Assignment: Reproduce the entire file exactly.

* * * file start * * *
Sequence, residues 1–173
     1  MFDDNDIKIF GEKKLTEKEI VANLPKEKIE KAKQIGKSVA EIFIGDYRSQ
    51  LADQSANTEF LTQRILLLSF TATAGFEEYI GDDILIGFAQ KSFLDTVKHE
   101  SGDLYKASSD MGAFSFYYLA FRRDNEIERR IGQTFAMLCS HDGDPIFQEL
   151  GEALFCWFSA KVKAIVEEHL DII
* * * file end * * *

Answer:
Sequence, residues 1–173
     1  MFDDNDIKIF GEKKLTEKEI VANLPKEKIE KAKQIGKSVA EIFIGDYRSQ
    51  LADQSANTEF LTQRILLLSF TATAGFEEYI GDDILIGFAQ KSFLDTVKHE
   101  SGDLYKASSD MGAFSFYYLA FRRDNEIERR IGQTFAMLCS HDGDPIFQEL
   151  GEALFCWFSA KVKAIVEEHL DII